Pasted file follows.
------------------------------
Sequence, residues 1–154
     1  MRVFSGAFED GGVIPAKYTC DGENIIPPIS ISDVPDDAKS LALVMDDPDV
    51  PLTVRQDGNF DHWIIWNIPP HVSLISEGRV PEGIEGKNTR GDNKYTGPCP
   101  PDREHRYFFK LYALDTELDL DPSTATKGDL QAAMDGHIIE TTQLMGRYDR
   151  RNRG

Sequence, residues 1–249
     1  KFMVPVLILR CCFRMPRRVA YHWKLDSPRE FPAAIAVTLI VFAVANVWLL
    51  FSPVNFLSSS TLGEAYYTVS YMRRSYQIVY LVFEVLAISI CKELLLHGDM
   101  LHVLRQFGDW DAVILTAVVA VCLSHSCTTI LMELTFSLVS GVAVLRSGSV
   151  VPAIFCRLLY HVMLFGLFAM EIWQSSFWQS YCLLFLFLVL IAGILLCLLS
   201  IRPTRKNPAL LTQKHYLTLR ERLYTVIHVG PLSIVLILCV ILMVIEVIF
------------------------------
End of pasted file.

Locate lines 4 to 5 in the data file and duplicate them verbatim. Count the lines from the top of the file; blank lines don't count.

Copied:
   101  PDREHRYFFK LYALDTELDL DPSTATKGDL QAAMDGHIIE TTQLMGRYDR
   151  RNRG